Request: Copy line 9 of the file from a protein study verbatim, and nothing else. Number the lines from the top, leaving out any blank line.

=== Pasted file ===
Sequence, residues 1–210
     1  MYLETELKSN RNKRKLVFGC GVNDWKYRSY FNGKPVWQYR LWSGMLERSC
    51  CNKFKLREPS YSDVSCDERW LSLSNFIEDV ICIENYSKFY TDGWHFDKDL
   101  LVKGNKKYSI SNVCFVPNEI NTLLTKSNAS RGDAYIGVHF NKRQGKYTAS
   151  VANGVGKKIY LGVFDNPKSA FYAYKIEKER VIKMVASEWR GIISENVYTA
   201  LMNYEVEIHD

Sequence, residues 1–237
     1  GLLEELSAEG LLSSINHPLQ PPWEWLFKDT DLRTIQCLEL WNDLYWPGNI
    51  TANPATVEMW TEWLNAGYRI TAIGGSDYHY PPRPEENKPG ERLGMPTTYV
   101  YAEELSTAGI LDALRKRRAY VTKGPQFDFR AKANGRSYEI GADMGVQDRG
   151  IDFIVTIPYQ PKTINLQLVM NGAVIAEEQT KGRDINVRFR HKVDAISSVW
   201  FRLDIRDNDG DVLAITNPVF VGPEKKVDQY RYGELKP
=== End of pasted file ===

    51  TANPATVEMW TEWLNAGYRI TAIGGSDYHY PPRPEENKPG ERLGMPTTYV